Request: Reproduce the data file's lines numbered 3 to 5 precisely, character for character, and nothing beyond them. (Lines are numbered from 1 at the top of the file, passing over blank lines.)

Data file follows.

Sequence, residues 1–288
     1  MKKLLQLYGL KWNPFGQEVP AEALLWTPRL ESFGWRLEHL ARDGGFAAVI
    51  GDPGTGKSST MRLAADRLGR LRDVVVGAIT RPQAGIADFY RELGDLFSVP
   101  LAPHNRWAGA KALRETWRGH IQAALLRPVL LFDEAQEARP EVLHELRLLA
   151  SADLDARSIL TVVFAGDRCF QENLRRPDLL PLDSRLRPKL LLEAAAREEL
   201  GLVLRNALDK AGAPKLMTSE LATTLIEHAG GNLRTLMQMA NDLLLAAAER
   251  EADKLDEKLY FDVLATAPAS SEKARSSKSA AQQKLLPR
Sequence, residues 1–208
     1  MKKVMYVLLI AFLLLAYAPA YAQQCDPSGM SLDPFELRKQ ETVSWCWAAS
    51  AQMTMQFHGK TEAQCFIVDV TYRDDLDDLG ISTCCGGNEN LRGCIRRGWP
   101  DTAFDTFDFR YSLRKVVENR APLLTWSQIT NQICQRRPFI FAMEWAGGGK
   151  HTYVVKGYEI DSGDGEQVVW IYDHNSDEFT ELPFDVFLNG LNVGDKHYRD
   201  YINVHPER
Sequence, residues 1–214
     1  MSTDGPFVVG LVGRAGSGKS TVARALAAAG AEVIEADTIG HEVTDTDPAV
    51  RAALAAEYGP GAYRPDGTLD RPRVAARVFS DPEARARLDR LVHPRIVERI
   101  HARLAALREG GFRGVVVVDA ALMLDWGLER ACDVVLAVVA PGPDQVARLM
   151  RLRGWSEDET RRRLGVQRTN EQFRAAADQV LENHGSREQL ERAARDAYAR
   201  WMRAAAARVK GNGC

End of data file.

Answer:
    51  GDPGTGKSST MRLAADRLGR LRDVVVGAIT RPQAGIADFY RELGDLFSVP
   101  LAPHNRWAGA KALRETWRGH IQAALLRPVL LFDEAQEARP EVLHELRLLA
   151  SADLDARSIL TVVFAGDRCF QENLRRPDLL PLDSRLRPKL LLEAAAREEL